$250,000 boost

Apr 2, 2009

Kettering University's ongoing efforts to support the creation of new and emerging businesses in mid-Michigan will receive $250,000 from the Michigan Economic Development Corp.

Kettering University will receive $250,000 from the Michigan Economic Development Corporation (MEDC) in its efforts to support new and emerging businesses to develop into high-growth employers for the region.  Kettering is receiving one of only five grants that will be awarded by the MEDC.

Kettering President Stan Liberty said, “Over the past few years Kettering has been methodically assembling capabilities, programmatic efforts and external support that will enable the university to assist in building a new ‘back to the future’ economy in this region.   This grant from the MEDC is one more welcome piece in this mosaic.  We are grateful for MEDC's support of our efforts and its vote of confidence in what we are doing.”

Kettering Provost Michael Harris, who led the development of the proposal for the business incubator, said Kettering is very pleased with the announcement.  "We are delighted to receive this award from such a competitive grant program," he said, "and we're committed to be a hub for providing entrepreneurship services which has become more critical in the current difficult economic times.

"This is consistent with our efforts to enhance a culture of entrepreneurship on campus and to participate in the social and economic well being of the region," he continued.  "Our ongoing collaborations with the Genesee Regional Chamber of Commerce and other regional entities are part of Kettering's contribution to offset a decline in traditional manufacturing employment in mid-Michigan."

Kettering University TechWorks Director Neil Sheridan said the MEDC investment will allow Kettering to identify promising new innovators and help them with planning and growing their new businesses while they perfect the underlying technology.  “We will collaborate with our local, regional and state partners to launch these high-potential, rapid growth companies," Sheridan added.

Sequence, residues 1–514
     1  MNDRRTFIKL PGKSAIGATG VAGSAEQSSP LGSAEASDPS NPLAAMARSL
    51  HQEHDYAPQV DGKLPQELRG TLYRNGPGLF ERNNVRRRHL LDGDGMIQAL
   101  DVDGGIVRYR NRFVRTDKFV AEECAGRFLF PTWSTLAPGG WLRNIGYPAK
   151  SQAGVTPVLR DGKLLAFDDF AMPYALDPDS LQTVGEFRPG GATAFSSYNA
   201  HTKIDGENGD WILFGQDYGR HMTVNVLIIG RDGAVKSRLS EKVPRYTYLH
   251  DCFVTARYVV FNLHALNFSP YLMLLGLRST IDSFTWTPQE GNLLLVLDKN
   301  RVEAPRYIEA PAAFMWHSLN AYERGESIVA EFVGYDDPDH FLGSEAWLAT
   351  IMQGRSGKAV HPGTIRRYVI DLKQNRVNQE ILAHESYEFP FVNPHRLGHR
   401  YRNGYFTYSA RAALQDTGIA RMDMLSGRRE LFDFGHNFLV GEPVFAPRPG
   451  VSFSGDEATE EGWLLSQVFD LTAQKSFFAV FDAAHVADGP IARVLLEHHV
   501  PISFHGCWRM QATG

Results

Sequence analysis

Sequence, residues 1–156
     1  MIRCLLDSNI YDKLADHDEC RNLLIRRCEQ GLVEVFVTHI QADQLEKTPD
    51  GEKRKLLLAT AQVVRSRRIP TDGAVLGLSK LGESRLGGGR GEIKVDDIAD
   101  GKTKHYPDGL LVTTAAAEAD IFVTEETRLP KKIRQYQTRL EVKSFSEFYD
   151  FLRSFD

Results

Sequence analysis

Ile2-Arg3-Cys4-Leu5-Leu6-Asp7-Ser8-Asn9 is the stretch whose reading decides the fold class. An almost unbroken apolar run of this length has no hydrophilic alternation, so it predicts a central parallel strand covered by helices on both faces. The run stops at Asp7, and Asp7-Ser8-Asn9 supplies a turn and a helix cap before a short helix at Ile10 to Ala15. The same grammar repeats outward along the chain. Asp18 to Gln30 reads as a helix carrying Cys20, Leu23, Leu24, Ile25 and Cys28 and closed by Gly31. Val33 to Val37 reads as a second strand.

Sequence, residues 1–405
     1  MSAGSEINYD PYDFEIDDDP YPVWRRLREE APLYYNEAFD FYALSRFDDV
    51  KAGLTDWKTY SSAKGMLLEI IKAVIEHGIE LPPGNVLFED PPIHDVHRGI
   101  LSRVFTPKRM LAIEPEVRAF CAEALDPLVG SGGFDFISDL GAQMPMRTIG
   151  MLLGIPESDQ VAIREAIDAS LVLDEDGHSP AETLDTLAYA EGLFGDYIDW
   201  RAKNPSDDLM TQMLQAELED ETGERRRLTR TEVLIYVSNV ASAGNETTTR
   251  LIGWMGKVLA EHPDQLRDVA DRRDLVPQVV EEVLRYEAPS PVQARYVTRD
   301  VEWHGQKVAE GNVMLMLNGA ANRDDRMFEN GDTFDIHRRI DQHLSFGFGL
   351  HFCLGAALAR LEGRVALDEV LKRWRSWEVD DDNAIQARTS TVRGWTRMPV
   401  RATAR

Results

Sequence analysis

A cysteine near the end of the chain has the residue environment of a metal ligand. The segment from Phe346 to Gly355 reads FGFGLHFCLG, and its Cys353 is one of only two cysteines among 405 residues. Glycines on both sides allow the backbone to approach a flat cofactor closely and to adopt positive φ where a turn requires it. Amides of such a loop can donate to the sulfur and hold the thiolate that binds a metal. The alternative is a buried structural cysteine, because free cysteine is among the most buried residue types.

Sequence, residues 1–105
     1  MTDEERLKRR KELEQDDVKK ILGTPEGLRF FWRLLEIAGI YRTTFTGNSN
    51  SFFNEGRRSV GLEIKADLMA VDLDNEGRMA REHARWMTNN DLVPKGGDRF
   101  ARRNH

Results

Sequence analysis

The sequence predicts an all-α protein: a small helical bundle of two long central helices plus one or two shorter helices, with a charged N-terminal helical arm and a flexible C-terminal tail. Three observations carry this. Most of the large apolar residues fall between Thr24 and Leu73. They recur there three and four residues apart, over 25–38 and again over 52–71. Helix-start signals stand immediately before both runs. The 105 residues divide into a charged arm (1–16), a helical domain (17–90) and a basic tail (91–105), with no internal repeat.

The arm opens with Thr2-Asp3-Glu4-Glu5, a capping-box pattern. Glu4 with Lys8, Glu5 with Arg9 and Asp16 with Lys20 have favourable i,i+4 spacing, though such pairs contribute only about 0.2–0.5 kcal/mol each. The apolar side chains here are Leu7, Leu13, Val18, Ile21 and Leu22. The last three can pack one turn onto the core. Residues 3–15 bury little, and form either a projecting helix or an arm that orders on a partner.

Helping Kettering in the grant process was Michigan Representative Richard Hammel (D-Mt. Morris Township), vice chair of Appropriations and chair of Energy and Economic Development for the Michigan Legislature.  

Hammel said he is pleased to see that the good things happening in the community are also being recognized by the state.  "This award is an indicator of the economic development potential Kettering offers.  I am encouraged by the collaborative efforts made by multiple partners throughout the county to secure this award," he said.  “My hope is that this money will help TechWorks grow its research facilities -- attracting entrepreneurs and further solidifying Kettering's reputation as a leader in R&D."

Also assisting Kettering in achieving this grant was Tim Herman, CEO of the Genesee Regional Chamber of Commerce.  “The receipt of the MEDC grant is an important step in the growth and development of the TechWorks project at Kettering University,” Herman said.  “Every investment in the TechWorks program is an investment in our community’s redevelopment. The Regional Chamber we will continue to support this fine program and Kettering’s efforts to grow new businesses and jobs in Genesee County,” Herman added.

Harris noted that the goal for the $250,000 is to accelerate new technology that TechWorks will bring to investors and ultimately to the marketplace, an effort that will create local jobs.  Michigan's Federal Workforce Innovation in Regional Economic Development (WIRED) provides partial funding. 

For more on the MEDC, visit: http://www.themedc.org/ 

For more on Kettering University TechWorks, visit: http://www.ku-tw.com/

Written by Patricia Mroczek